Whether it is for cutting, dying, drying, tanning, plucking, waxing, popping or smoothing, almost all of us attend a salon – at least a few times a year. And in that exchange – between worker and client – lies a complex web of intimacy, identity and disclosure. Julie Hare investigates.
As coronavirus shut down cities, stories emerged of nature reclaiming its patch. Deer wandered down city streets in Japan; wild goats descended on a deserted tourist town in Wales, boars wandered through Barcelona and fish and birds returned to the usually muddy canals of Venice.
The human species also, reportedly, returned to nature. Normally dyed hair grew grey, rarely seen hairs sprouted, bras abandoned, beards flourished, eyebrows grew unruly.
Was a feminist revolution at play? Were women gleefully shedding the burden of societal expectation about how they look because COVID had upended the rule book?
Hannah McCann was sceptical. Her research is investigating the relationship between clients and salon workers, the emotional complexity of those relationships, and the nature of identity transformation that happens.
“It’s about much more than aesthetics,” she says.
Dr McCann, an expert in critical feminine studies from the University of Melbourne, is currently looking at how the intimacy of these relationships – involving touch, talk and identity transformation – can foster intense exchanges of trust and disclosure.
“First, you have someone touching you in a way that is very unusual. Someone is touching your head, your face, your hands, your inner thighs – intimate places that no one else in your life touches other than your partner, or maybe your doctor,” she says.
“The second aspect is talk. There is a lot of chatter and incidental discussion. There is a lot of emotional management going on by the salon worker. It is a social-emotional space as well as a physical touch space.
“The third aspect is that salons are places of identity transformation. There is an aesthetic change that is fundamental to the experience.
“It’s a combination of these three things that make salons a unique space.”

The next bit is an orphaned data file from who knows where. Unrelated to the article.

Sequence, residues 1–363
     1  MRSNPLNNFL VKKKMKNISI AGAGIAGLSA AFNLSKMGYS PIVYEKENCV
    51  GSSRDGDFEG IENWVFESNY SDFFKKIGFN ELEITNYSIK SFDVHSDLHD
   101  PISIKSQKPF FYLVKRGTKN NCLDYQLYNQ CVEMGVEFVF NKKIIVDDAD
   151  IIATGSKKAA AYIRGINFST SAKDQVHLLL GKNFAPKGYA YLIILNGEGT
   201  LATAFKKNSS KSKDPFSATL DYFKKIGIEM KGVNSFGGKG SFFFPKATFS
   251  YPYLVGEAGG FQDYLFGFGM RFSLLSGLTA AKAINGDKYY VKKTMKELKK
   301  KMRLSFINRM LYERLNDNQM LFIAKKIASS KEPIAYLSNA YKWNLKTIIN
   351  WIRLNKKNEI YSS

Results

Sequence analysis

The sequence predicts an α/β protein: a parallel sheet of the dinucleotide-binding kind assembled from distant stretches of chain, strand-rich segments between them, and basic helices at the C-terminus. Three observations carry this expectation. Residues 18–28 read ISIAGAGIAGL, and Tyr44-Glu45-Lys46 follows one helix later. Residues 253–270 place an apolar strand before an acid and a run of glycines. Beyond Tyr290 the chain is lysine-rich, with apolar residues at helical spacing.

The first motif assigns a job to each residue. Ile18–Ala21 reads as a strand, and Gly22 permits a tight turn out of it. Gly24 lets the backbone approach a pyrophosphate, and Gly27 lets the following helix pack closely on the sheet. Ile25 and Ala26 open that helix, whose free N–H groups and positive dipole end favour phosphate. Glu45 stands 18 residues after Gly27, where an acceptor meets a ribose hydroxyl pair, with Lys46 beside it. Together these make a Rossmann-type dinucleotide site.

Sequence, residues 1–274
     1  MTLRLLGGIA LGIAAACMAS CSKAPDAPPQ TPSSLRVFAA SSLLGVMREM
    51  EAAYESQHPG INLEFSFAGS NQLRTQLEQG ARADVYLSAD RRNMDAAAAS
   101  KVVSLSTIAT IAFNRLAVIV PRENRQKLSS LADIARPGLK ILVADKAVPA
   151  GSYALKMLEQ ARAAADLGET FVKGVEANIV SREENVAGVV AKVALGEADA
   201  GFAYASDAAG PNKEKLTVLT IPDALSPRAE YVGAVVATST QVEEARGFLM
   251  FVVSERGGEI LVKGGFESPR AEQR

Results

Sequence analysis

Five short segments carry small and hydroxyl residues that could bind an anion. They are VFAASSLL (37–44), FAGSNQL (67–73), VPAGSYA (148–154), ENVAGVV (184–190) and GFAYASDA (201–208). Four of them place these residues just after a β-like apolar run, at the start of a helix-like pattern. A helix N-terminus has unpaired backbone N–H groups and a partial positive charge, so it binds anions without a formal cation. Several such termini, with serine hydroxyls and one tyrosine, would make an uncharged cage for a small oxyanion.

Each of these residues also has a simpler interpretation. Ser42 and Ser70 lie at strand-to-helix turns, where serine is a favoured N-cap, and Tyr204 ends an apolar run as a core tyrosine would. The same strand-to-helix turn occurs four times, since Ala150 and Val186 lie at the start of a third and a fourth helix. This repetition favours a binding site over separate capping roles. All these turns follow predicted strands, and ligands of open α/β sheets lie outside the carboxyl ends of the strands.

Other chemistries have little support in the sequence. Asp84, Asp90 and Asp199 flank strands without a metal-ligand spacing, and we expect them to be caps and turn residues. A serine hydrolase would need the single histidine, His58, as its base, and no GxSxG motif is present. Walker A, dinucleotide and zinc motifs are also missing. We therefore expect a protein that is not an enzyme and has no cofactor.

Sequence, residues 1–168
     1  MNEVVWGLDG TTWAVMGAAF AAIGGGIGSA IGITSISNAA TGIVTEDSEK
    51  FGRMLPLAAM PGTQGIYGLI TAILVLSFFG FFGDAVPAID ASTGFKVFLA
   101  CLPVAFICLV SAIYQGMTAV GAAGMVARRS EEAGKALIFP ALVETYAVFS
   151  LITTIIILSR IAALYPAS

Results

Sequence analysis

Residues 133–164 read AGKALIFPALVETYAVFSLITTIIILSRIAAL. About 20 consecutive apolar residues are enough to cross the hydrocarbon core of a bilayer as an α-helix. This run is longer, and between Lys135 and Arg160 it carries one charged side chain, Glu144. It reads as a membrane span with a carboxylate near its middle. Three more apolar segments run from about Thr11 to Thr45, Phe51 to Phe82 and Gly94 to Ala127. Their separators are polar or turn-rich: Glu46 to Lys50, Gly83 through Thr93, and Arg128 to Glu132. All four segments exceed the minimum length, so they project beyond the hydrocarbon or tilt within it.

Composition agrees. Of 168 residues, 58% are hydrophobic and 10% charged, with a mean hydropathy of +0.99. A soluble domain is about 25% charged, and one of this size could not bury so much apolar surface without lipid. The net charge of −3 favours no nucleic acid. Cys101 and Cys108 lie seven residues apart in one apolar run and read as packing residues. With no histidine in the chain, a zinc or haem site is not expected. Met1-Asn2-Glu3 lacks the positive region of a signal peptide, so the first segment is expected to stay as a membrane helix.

Importantly, these three factors also can lead to intense personal revelations – of heartbreak and violence and disappointment and success – the gamut of human experience.
“The really important aspect of the worker relationship is that they are an intimate stranger,” Dr McCann says
Dr McCann’s current research began by interviewing and surveying salon workers – a highly feminised workforce of working class – often migrant – women who are on the lower levels of the pay spectrum. Immediately, she says, they wanted to tell her how much of their job was about dealing with people’s emotions – a necessary skill for which they are given no training.
“They heard stories about family violence, terminal illness, mental health issues, suicidal ideation, gender transitioning issues, and so on,” Dr McCann says.
“It is pretty concerning that you have people making these disclosures in ways that aren’t healthy. Even if the client is not disclosing really intense personal information, they still talk about their day-to-day stresses.”
Dr McCann has done work with Melbourne’s Easter Domestic Violence Service which runs a training program that specifically addresses the gaping gap between the training of salon workers and the emotional demands of their jobs. Called HaiR-3Rs, the training program is designed to help workers recognise, respond and refer clients who may be experiencing family violence or controlling behaviours.
Beyond the most serious of disclosures, McCann has also been interested to gauge how people, during lockdown, felt about being cut off from salon services or whether they felt liberated from the expectations of social norms.
“Were people feeling great about this? Was it a fantastic liberation? Absolutely not,” she says.
While some admitted to having more agency over their body and how it looked, others told her about how they felt a sense of loss of self because they had – involuntarily – taken away from them the ability to create their identity, felt disconnected from the salon workers and missed having space to themselves – away from children and partners.
“A manicure is isn’t just about having brightly coloured nails; it’s about having someone in a salon touching you,” Dr McCann says.
Ultimately, the relationship people have with their own bodies, their sense of aesthetics and their salons is complicated and contradictory.
“It’s about feeling better about your identity and having control over your body, but also about feeling pressured – and maybe feeling bad – about having to do these things,” she says.
“It’s not a black and white or clear-cut story about what beauty means to people. It’s complicated. It’s about the social and emotional dimensions. It’s about identity and about getting a cheap counselling session thrown in.”
Dr Hannah McCann is a lecturer in cultural studies at the University of Melbourne. Her research sits within critical femininity studies, exploring areas such as feminist debates on femininity, affects in beauty culture, and queering the fangirl. T: @binarythis